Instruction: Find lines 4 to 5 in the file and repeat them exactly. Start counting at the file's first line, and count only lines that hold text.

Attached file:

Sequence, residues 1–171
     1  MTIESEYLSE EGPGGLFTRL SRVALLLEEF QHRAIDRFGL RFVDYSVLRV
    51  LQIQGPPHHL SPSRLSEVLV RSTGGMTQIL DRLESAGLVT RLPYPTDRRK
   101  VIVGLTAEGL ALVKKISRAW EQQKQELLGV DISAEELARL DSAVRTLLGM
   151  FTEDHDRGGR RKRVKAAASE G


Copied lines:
   101  VIVGLTAEGL ALVKKISRAW EQQKQELLGV DISAEELARL DSAVRTLLGM
   151  FTEDHDRGGR RKRVKAAASE G